After 25 years of service, Paliotta ready for new role as Charlestown police chief

After 25 years of service, Paliotta ready for new role as Charlestown police chief

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By Jason Vallee

CHARLESTOWN — For the past 25 years, Michael Paliotta has come to be known for his dedication to public safety and service to the community.

Now “the prodigal son,” as some jokingly call him as a result of his returning to the community after spending summers at the Charlestown Breachway as a child, is ready to take the reins of the Charlestown Police Department.

Paliotta, a 25-year police veteran and near-lifelong member of the community, officially took the role of police chief on March 1, taking the helm from Jeffrey Allen, who announced in early February that he would retire following 5½ years as chief in Charlestown and more than 30 years of service in law enforcement.

“As chief, you work directly for the community. Mike gets that and he’s a great fit to lead this department and town into the future,” Allen said. “Mike is intelligent, he understands what it means to be in law enforcement and he always has and always will put the community first. He was a natural choice.”

For Paliotta, simply having the chance to lead the department he’s grown to love as a second family is an opportunity he’s always wanted.

“I consider it an honor and a privilege to lead and work alongside some of the finest men and women in law enforcement at the Charlestown Police Department,” he said. ”I strongly believe that policing is one of the noblest professions a person can undertake. It is truly a calling, not just a job, and I applaud anyone that is currently in policing or is considering pursuing a career in policing.”

Paliotta, 49, has long been well known in the community, along with his wife, Heather Paliotta, who has worked for 16 years for the Charlestown Chamber of Commerce, including as executive director for almost nine years. The couple lives in Richmond and has four daughters, three who are grown, as well as three granddaughters.

An avid outdoorsman like his father, Paliotta said he spent summers at the breachway as a kid, an experience he said eventually led to his return to the community at the start of his career.

A 1990 graduate of the University of Rhode Island with a bachelor’s degree in environmental management, Paliotta joined the force as a reserve officer in 1992 and was hired full-time the following year. He completed training at the Rhode Island Municipal Police Academy, earning the rank of class valedictorian, and served as a patrol officer until 2001 when he was promoted to sergeant. Paliotta also continued his schooling after becoming an officer, earning a master’s degree in criminal justice from Boston university in 2014.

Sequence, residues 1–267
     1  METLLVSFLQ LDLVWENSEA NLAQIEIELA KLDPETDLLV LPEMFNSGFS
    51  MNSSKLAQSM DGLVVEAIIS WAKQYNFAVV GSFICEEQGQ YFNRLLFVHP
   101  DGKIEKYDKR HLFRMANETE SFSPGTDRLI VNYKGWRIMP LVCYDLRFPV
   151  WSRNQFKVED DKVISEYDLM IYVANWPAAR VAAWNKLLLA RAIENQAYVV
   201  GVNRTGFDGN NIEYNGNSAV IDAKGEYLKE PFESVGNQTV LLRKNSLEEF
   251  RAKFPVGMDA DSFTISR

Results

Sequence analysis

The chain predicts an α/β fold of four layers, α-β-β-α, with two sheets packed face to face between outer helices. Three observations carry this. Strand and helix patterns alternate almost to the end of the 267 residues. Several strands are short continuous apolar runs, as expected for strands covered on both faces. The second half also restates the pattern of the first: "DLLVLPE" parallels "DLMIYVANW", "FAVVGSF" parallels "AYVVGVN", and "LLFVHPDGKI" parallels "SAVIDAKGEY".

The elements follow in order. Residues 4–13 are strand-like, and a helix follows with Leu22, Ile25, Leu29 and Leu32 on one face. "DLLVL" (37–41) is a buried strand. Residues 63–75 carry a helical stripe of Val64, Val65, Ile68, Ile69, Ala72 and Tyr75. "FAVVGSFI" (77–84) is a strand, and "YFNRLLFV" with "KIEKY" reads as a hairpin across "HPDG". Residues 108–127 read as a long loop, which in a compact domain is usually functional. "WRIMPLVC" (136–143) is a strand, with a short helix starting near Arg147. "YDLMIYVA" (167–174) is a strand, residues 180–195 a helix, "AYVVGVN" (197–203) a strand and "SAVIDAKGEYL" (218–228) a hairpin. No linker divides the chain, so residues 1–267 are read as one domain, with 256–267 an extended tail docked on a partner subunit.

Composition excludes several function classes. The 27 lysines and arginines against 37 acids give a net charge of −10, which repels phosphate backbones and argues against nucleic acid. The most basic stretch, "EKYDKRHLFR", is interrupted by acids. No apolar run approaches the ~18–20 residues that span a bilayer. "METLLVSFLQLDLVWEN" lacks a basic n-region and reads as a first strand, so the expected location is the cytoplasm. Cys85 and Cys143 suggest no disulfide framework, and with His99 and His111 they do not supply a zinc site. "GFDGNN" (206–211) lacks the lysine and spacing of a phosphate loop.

Paliotta rose through the ranks, being promoted to lieutenant in 2009 and overseeing the patrol division at that time, before being reassigned in 2012 to serve as acting chief upon the retirement of then-chief Jack Shippee.

Town Administrator Mark Stankiewicz said Paliotta was one of five finalists in a nationwide search in 2012 and was considered a top choice before the position ultimately went to Allen.

Although Paliotta was technically “competition” at the time, Allen said the lieutenant was professional, handled the role of acting chief with grace and proved to be a welcome resource with a vast knowledge of the town, budgets and department operations.

In fact, it was his professionalism that led Allen to name Paliotta as the department’s first and only accreditation manager in 2013, a move that was crucial to the department acquiring full state accreditation for the first time in 2017.

It was also his passion for the community and safety of its residents that led to Allen naming Paliotta as commander of the Criminal Investigations Division, overseeing detectives, prosecution and accreditation in 2014.

“Mike has proven, time and again, that he is loyal to this department and this town,” Allen said. “I’m confident in his abilities, and I think the community is getting a dedicated professional, someone who will always do what’s right for the town of Charlestown.”

In his first few months as chief, Paliotta is certain to be busy as he looks to bolster the ranks and hire a command staff to take the department into the future. With the announcement of his promotion, the department was left with no full-time lieutenants, as well as needing to fill two of the department’s four sergeant positions. Paliotta will be responsible for revamping his command staff — a 90-day process that he said began nearly two months ago and will be completed within the next 30 days.

In addition, the department will be looking to hire two additional officers this year and already has a third new hire in the academy.

“It’s a lot of change for a small department,” Paliotta said.

Paliotta said he also intends to continue pushing the department forward technologically, creating a long-term plan for system upgrades to keep the department at the forefront, as well as handing off and training another officer to take over accreditation responsibilities and other tasks.

“My goal will be to balance the costs with the need to keep modern,” he said. “It’s a balancing act, but a challenge I look forward to.”


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